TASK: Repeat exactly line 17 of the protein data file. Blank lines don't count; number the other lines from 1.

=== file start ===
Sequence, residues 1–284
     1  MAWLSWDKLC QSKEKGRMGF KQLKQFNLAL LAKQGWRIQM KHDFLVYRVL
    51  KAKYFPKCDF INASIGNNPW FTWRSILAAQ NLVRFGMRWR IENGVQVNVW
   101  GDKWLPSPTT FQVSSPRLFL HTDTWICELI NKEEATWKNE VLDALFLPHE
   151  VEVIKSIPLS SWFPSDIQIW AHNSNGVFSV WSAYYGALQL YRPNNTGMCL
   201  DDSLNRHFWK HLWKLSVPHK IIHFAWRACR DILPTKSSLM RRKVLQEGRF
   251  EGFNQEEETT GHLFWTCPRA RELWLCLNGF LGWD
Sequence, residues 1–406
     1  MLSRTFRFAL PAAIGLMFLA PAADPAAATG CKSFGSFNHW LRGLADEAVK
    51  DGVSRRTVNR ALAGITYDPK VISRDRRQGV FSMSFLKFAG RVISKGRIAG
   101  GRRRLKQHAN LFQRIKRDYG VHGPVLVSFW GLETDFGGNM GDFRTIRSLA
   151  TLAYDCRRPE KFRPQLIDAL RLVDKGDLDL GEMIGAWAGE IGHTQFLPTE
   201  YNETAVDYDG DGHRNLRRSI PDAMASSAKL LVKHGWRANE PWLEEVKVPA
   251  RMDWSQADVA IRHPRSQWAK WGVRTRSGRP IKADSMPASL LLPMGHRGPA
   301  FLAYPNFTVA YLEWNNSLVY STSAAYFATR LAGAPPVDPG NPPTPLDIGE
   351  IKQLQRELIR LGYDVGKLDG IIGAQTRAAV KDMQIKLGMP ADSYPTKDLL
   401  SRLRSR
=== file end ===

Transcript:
   401  SRLRSR